By JEREMY HAY
THE PRESS DEMOCRAT
The sprawling former State Farm Insurance office campus in the middle of Rohnert Park has been sold to a national developer of large mixed-use communities, kindling hopes for an invigorated city center.
The campus at State Farm Drive and Rohnert Park Expressway, empty since the company moved out in mid-2011, was purchased by Irvine-based Suncal Cos. on Dec. 24.
The sale price was not disclosed, but the deal involved $30 million in financing arranged through New York-based Catlin U.S. Investment Holdings, according to the Sonoma County Recorder’s Office.
The development instantly puts a high-profile political and planning issue on the city’s table.
“It’s going to be a crucial step in the next year, what that’s turned into,” said Mayor Joe Callinan.
SunCal officials said single-family residences, both detached houses and townhomes, and retail spaces are envisioned, and that the development will link closely with the SMART commuter rail station that is to be built adjacent to the property.
“We want to take advantage of the train station and help enable a town center-downtown area that our development will be part of,” said Joe Guerra, who manages SunCal’s Northern California acquisitions.
He said a stand of redwoods at the northwest corner of the property, where residents now relax and picnic, will be preserved.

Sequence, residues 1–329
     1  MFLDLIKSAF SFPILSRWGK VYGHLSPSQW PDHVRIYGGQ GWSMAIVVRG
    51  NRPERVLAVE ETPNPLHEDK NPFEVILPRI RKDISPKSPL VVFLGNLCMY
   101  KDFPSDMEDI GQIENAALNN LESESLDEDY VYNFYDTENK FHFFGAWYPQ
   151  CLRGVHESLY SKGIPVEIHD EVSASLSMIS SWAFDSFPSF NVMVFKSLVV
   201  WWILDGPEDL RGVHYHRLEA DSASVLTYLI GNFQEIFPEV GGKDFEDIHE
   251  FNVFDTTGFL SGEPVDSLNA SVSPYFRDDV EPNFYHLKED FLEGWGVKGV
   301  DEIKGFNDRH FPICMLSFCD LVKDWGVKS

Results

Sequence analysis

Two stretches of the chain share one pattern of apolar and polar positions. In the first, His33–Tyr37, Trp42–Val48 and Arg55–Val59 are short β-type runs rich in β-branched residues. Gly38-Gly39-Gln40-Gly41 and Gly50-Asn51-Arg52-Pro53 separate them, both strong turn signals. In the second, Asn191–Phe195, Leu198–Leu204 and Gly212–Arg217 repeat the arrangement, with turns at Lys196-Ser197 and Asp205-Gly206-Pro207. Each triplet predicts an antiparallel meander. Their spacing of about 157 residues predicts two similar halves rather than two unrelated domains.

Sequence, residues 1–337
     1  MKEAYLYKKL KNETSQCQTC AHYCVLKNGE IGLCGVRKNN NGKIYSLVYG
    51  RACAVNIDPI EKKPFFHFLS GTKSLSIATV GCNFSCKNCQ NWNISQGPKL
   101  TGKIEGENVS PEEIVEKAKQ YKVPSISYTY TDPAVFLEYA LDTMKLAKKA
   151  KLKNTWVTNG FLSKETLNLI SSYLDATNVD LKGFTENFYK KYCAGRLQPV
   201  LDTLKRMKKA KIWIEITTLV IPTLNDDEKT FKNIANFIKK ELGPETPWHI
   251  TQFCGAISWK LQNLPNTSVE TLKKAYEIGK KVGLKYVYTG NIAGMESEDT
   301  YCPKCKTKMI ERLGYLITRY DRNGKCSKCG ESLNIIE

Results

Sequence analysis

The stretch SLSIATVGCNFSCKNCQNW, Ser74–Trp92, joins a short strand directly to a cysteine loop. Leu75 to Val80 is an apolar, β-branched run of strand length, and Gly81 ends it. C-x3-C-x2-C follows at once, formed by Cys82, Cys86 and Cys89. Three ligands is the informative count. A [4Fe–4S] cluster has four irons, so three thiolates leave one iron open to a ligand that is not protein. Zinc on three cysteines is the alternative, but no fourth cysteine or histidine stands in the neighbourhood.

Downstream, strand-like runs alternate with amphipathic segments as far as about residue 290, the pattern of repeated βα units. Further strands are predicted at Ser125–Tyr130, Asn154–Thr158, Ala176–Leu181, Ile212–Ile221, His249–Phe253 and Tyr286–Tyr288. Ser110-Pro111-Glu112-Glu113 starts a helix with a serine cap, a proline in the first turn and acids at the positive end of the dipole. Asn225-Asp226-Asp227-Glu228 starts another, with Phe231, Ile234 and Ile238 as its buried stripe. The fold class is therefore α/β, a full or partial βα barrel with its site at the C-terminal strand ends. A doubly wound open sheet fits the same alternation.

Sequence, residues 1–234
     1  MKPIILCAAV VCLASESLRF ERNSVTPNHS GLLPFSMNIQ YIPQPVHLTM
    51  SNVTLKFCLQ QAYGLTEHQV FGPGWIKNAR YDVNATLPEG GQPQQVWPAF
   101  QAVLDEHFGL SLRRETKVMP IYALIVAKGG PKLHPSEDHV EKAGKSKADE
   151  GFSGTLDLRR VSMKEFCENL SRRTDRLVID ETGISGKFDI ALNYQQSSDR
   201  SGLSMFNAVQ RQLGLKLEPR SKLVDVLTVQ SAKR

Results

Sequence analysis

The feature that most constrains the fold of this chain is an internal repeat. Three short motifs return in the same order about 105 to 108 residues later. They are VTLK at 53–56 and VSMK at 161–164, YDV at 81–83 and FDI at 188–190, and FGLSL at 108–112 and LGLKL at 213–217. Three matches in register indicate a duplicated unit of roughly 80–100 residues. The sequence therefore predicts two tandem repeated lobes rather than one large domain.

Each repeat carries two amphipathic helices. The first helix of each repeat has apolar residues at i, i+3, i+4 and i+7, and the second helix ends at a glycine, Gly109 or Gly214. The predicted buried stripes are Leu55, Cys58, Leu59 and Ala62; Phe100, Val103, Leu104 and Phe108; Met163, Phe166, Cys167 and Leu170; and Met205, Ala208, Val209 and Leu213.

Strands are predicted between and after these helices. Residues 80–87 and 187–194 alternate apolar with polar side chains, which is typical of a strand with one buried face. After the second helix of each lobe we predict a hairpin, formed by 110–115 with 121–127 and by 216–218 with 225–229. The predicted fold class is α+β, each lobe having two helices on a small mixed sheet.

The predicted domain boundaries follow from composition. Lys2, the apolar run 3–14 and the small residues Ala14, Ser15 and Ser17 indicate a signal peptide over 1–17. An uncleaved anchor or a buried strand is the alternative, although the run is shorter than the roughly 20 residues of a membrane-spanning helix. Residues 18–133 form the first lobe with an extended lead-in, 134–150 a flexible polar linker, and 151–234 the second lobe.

The site is key to ongoing plans to redevelop 282 acres in the core of a city that many see as lacking a definable center. Meetings are underway to chart the future of what is termed the Priority Development Area stretching from Highway 101 on the east to the railroad tracks bordering the State Farm site and to Alicia Drive on the south.
“In the 50-year history of Rohnert Park there was always this desire that there would a place of central focus, a downtown,” Councilman Jake Mackenzie said.
“We’re starting to move away from it being a possibility and toward it becoming a reality,” he said.
“We still don’t have that critical mass of people living in the downtown,” he said. “Clearly what we want to have is the transit hub at the SMART station, a development on the State Farm property that will have people and commercial activities and I would say transform that area.”
But there has been no articulated consensus about what that transformation will look like and what role the State Farm site will play in it.
“We have some council members who think that’s going to be turned into a grand downtown. Rohnert Park has never had a grand downtown and that’s not going to be it,” said Callinan.
Like Mackenzie, though, — and also Guerra — Callinan suggested that the 4-year-old City Center Plaza and the public library, north of the Expressway, could be tied into whatever goes in at the State Farm property.
Guerra said SunCal intends to meet with city staff within two weeks to move forward with an environmental impact report and required amendments to the city’s general plan.
“Before anybody sees earth moving, you’re probably talking 24 months,” he said.
SunCal has projects across the country, from Washington to Georgia to Dublin, where the company is developing 2,000 homes, a school, parks and shops on 189 acres.
(You can reach Staff Writer Jeremy Hay at 521-5212 or email@example.com.)